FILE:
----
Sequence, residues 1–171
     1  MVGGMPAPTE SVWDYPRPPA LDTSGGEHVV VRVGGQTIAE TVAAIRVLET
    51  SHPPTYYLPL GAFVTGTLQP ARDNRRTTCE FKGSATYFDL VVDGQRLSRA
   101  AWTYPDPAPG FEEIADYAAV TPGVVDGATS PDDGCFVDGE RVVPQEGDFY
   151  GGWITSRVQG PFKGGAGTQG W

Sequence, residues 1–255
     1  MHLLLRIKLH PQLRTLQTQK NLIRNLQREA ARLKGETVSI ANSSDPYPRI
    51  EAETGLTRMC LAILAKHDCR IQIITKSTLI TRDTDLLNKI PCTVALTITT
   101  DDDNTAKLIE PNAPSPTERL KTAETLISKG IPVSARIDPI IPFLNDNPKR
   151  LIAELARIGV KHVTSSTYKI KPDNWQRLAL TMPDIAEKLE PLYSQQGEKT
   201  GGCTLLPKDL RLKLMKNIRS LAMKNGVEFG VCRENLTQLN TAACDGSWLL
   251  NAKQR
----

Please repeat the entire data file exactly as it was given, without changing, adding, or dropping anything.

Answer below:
Sequence, residues 1–171
     1  MVGGMPAPTE SVWDYPRPPA LDTSGGEHVV VRVGGQTIAE TVAAIRVLET
    51  SHPPTYYLPL GAFVTGTLQP ARDNRRTTCE FKGSATYFDL VVDGQRLSRA
   101  AWTYPDPAPG FEEIADYAAV TPGVVDGATS PDDGCFVDGE RVVPQEGDFY
   151  GGWITSRVQG PFKGGAGTQG W

Sequence, residues 1–255
     1  MHLLLRIKLH PQLRTLQTQK NLIRNLQREA ARLKGETVSI ANSSDPYPRI
    51  EAETGLTRMC LAILAKHDCR IQIITKSTLI TRDTDLLNKI PCTVALTITT
   101  DDDNTAKLIE PNAPSPTERL KTAETLISKG IPVSARIDPI IPFLNDNPKR
   151  LIAELARIGV KHVTSSTYKI KPDNWQRLAL TMPDIAEKLE PLYSQQGEKT
   201  GGCTLLPKDL RLKLMKNIRS LAMKNGVEFG VCRENLTQLN TAACDGSWLL
   251  NAKQR